ECTS 2003: XIII
Officially it's Game of the Show, but we're not so sure...
According to the ECTS press panel, XIII is the best game in the room, something Ubi Soft seems keen to emphasise. We can only assume organisers CMP came round with a few Velcro-strip “Best of Show” placards, because a perky French lass was busily attaching several to the demo pod we were playing on yesterday afternoon barely an hour after the awards...
Unlucky for some
And yet, at a glance, XIII is a fairly bogstandard, cel-shaded first person shooter. After we played this year’s ECTS demo version on PC, Xbox and PS2, even we decided it was indeed a fairly bogstandard, cel-shaded first person shooter – but despite that we were in awe of the way developer Ubi Soft has augmented the standard FPS formula with flourishes of comic book style. What’s perhaps most impressive is that these effects are genuinely useful – like highlighting an enemy lurking on top of a cliff with a shrinking red box, a bit like the targeting system in Virtua Cop, or placing onomatopoeic ‘tips’ and ‘taps’ on-screen in relation to where enemies’ footsteps are coming from.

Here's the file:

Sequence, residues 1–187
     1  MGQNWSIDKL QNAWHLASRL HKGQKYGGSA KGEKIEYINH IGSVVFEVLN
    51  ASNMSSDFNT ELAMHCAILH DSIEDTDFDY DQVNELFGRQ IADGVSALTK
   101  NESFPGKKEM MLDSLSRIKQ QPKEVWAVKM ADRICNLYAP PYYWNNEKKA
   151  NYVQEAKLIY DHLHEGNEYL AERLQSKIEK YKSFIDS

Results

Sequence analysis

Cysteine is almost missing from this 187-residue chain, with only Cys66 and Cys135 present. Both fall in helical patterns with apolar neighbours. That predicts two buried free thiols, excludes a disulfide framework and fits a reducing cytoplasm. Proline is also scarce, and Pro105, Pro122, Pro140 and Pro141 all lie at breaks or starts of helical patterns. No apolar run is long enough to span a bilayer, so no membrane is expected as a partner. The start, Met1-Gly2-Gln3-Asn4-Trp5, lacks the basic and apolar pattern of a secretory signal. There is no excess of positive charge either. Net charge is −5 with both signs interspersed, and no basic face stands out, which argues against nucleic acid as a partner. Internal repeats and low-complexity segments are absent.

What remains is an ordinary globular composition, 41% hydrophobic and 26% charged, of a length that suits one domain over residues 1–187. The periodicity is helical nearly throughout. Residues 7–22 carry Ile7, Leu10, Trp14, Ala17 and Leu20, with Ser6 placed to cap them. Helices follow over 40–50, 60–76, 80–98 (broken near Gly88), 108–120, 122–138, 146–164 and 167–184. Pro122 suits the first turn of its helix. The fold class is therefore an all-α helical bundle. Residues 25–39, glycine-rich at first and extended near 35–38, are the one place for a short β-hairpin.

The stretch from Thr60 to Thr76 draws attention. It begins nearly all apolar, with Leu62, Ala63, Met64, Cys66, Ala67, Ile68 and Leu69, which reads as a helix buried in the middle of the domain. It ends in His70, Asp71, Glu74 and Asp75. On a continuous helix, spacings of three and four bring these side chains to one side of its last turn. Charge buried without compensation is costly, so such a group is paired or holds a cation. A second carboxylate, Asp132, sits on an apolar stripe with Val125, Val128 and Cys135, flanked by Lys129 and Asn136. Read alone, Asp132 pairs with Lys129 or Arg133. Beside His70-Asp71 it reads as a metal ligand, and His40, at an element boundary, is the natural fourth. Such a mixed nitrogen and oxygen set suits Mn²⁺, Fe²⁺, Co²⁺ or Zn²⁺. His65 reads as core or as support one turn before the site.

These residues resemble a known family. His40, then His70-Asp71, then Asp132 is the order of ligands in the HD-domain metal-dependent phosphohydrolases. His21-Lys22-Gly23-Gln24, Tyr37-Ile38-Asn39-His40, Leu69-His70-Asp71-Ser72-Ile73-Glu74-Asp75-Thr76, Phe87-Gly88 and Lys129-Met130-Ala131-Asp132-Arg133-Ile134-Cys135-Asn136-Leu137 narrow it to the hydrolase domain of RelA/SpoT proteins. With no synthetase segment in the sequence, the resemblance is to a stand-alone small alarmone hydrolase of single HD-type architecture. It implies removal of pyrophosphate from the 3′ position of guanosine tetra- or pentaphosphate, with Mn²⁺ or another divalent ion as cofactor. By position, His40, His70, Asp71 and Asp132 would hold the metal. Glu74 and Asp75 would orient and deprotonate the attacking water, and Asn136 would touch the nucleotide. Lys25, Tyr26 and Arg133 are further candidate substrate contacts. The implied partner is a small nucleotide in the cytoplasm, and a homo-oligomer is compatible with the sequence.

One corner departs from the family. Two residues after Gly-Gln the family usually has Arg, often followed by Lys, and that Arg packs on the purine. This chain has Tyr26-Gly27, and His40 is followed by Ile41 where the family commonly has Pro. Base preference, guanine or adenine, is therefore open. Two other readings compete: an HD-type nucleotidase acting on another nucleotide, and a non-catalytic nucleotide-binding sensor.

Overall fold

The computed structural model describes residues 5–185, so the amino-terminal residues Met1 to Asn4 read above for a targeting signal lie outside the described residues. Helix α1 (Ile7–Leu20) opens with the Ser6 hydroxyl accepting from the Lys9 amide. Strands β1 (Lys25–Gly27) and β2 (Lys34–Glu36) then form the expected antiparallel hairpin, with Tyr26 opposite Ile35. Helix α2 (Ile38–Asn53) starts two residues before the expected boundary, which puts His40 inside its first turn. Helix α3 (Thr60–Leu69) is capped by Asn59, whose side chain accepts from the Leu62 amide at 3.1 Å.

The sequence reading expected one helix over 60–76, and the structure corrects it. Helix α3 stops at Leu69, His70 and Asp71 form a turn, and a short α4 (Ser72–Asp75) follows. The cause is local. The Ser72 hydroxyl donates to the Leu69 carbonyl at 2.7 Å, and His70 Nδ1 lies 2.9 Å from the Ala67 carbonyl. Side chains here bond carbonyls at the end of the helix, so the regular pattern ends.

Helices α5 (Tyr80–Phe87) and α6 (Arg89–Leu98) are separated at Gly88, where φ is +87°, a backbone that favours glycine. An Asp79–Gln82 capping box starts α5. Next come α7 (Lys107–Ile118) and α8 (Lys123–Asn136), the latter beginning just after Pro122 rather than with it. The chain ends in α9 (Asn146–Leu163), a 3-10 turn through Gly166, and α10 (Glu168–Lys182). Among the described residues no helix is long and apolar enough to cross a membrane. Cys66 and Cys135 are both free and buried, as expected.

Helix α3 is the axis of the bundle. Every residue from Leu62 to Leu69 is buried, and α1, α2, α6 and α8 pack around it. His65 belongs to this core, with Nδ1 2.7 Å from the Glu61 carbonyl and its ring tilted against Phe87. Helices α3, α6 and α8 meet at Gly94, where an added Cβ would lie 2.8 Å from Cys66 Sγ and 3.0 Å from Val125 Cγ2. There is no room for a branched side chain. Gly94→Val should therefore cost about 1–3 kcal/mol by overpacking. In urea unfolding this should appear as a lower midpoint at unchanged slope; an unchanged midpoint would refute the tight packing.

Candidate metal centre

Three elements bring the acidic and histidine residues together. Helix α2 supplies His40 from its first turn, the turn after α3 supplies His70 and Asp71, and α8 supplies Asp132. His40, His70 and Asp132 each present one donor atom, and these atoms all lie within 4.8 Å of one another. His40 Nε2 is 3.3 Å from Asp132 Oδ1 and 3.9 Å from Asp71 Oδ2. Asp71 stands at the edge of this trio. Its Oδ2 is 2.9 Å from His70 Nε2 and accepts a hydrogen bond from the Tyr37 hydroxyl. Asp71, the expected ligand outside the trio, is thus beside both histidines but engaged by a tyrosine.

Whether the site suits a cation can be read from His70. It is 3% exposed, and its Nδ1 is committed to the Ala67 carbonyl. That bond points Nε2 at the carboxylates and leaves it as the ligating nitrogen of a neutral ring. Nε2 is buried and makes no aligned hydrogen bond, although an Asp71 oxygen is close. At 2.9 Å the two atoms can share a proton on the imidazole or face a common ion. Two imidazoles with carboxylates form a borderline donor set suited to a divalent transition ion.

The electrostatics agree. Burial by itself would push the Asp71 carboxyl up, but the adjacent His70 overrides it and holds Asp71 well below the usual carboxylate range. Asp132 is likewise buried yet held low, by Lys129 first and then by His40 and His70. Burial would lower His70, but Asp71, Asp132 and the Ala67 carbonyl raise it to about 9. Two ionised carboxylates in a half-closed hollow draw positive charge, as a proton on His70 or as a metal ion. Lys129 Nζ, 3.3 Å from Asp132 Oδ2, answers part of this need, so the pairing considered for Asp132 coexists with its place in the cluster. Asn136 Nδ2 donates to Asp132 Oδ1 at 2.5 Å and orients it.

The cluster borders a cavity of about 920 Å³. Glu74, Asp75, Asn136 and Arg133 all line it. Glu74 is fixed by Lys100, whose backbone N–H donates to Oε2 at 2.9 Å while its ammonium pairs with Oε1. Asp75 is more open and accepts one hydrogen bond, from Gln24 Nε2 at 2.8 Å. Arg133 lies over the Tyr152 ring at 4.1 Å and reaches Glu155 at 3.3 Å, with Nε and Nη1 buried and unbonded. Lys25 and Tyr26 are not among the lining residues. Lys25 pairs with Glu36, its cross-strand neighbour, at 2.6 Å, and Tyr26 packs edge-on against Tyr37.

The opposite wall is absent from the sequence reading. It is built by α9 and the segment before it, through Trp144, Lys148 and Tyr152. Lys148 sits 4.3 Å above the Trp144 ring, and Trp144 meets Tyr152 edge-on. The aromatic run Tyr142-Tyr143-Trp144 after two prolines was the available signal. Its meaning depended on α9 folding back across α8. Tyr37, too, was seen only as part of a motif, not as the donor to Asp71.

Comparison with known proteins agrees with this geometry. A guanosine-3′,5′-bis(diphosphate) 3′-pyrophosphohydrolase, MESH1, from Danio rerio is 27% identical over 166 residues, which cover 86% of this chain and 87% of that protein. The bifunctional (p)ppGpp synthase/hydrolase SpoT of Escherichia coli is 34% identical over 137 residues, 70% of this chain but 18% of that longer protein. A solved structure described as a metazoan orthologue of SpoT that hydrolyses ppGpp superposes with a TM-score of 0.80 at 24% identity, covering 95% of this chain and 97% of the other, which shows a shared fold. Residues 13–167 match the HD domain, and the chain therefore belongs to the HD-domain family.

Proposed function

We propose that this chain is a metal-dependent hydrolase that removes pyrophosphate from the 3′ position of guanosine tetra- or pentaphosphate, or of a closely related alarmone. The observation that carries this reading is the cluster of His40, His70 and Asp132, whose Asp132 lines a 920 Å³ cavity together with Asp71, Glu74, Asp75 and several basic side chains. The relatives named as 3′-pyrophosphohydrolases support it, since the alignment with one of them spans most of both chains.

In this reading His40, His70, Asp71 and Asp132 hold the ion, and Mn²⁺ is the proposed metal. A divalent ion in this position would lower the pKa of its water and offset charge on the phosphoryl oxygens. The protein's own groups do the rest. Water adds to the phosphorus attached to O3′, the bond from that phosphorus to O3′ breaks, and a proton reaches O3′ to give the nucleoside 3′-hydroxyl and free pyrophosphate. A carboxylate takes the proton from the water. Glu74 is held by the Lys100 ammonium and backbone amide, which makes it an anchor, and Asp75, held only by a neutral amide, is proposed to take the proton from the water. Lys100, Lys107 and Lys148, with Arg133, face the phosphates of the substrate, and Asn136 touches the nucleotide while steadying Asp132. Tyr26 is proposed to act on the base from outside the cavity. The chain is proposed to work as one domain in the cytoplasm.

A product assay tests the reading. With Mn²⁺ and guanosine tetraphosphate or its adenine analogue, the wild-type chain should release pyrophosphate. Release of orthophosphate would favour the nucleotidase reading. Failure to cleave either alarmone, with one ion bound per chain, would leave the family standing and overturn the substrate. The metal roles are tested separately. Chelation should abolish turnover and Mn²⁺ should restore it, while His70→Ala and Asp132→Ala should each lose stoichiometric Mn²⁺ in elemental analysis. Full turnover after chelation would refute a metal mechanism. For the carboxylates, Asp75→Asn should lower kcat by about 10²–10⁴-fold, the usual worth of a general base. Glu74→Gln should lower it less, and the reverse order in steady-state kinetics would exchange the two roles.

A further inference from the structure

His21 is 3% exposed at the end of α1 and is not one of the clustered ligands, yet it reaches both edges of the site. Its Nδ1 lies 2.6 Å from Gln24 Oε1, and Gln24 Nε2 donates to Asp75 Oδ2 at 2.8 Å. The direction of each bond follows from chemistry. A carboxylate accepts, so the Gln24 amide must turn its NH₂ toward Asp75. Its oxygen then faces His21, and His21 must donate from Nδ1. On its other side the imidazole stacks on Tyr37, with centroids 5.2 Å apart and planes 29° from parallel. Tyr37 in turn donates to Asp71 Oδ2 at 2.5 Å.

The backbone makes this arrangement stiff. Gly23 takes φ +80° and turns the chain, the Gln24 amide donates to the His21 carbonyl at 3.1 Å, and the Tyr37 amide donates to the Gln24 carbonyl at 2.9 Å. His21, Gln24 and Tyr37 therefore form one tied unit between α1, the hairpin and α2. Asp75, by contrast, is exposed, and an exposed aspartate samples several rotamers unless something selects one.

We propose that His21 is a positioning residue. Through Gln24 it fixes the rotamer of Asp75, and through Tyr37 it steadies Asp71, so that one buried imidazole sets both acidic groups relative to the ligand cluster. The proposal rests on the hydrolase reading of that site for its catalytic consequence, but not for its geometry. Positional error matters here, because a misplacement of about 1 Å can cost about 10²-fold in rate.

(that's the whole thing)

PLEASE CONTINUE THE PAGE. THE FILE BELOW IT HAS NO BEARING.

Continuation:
Fans of cel-shading will certainly enjoy the general aesthetic. Characters literally come straight off the pages of a Belgian comic - their slightly angular, thickly outlined and colourful character models blending seamlessly into a similarly cartoony environment, with objects that pick up the thick outline of a cartoon cell thanks to a standard issue level of detail effect. Blood gushes from wounds and knives remain lodged in skulls as enemies topple to the floor, and there’s plenty of POW! and CRACK! to be seen associated with every action. It even looks quite nice (albeit extremely jagged) on the PS2, but the smoother PC and Xbox versions really shine. The Cube version isn’t on display at the show, so we can’t comment on that.